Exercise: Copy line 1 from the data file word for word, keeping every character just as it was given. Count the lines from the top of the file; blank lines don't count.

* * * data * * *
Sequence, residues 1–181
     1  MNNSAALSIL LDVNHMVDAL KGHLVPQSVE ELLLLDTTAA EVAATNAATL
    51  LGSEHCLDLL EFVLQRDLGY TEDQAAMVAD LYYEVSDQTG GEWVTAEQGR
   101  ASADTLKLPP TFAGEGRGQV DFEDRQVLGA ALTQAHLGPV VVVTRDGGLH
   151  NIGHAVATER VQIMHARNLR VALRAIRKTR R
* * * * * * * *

Sequence, residues 1–181